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Database of Abstracts of Reviews of Effects (DARE): Quality-assessed Reviews [Internet]. York (UK): Centre for Reviews and Dissemination (UK); 1995-.

Database of Abstracts of Reviews of Effects (DARE): Quality-assessed Reviews [Internet].

Exercise interventions for mental health: a quantitative and qualitative review

G Stathopoulou, MB Powers, AC Berry, JA Smits, and MW Otto.

Review published: 2006.

CRD summary

This review investigated whether exercise interventions are an effective treatment for depression. The authors concluded that exercise can be a powerful intervention for clinical depression. The reliability and generalisability of the conclusion was unclear as the quality of the evidence was not assessed and the statistical and clinical diversity of the studies were not considered.

Authors' objectives

To examine the efficacy of exercise treatments for depression and other affective mental disorders.


PsycINFO, MEDLINE and the Cochrane CENTRAL Register were searched up to 2005 for English language studies published in peer-reviewed journals; the search terms were provided. The references of review articles were also checked.

Study selection

Study designs of evaluations included in the review

Randomised controlled trials (RCTs) were eligible for inclusion.

Specific interventions included in the review

Studies of exercise interventions compared with a nonactive comparator, such as waiting-list or placebo treatment, low-level exercise or health education, were eligible for inclusion. The included studies were of exercise alone (such as walking, running, jogging and progressive resistance training) or exercise as an adjunctive treatment to drug therapy. The included studies of exercise alone varied in exercise frequency from two to four times per week and in duration from 20 to 45 minutes (where this was reported). The most common comparator was no treatment or waiting-list; other studies used low-level exercise or health education. Studies that did not meet the inclusion criteria for the meta-analysis were included in a separate narrative synthesis but are not considered in this abstract.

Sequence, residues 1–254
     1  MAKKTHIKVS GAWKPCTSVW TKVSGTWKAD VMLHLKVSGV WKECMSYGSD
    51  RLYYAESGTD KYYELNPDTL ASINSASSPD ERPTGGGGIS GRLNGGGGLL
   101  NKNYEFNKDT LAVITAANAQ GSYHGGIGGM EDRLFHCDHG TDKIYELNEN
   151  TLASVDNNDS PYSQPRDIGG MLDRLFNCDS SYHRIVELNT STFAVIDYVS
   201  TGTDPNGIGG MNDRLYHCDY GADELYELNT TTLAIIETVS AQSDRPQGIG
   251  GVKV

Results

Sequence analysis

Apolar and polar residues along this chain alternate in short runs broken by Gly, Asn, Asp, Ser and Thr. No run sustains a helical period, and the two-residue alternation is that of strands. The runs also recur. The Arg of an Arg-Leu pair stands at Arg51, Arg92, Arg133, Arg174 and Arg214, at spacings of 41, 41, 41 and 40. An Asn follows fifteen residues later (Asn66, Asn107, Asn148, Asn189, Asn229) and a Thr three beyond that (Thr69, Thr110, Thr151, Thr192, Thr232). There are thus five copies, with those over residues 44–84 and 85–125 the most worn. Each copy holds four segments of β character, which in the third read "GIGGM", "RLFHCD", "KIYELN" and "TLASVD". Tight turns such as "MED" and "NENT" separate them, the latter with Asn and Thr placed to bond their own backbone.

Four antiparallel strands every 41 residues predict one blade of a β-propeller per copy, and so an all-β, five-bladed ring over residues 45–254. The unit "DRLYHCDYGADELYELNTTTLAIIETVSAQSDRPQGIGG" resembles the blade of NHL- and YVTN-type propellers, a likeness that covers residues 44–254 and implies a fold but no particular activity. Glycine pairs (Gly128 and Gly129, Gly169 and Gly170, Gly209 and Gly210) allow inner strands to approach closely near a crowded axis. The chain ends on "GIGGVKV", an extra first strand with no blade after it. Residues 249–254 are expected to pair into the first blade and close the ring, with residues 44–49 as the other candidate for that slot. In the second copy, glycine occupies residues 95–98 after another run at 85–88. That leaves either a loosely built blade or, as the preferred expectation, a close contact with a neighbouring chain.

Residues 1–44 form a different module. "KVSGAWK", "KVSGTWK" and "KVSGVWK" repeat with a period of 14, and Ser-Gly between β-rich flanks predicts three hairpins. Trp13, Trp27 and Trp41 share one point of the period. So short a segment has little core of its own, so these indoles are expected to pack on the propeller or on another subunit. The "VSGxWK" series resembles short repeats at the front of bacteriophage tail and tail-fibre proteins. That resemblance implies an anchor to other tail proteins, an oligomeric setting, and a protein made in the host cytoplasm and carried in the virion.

Participants included in the review

Studies of people with affective disorders were eligible for inclusion provided the symptoms were not secondary to another clinical disorder (e.g. drug abuse). One study was excluded because the symptoms of depression were not considered severe enough (Beck Depression Inventory score of less than 11). The included studies were of in-patients and out-patients, mainly with symptoms of depression. Three studies considered only older depressed patients and two studies only women with depression.

Outcomes assessed in the review

The outcome of interest was depression and only studies that reported baseline and follow-up scores were included. The included studies used the Beck Depression Inventory, Hamilton Rating Scale for Depression, Edinburgh Postnatal Depression Scale, Self-Rating Depression Scale and Symptom Checklist Revised.

How were decisions on the relevance of primary studies made?

The authors did not state how the papers were selected for the review, or how many reviewers performed the selection.

Assessment of study quality

The authors did not state that they assessed validity.

Data extraction

The authors did not state how the data were extracted for the review, or how many reviewers performed the data extraction.

Hedge's g was used to calculate the effect size and 95% confidence interval (CI) for each study and a correction was made for small sample size. Where the standard deviation was not reported, g was estimated using the t or F statistic where available.

Methods of synthesis

How were the studies combined?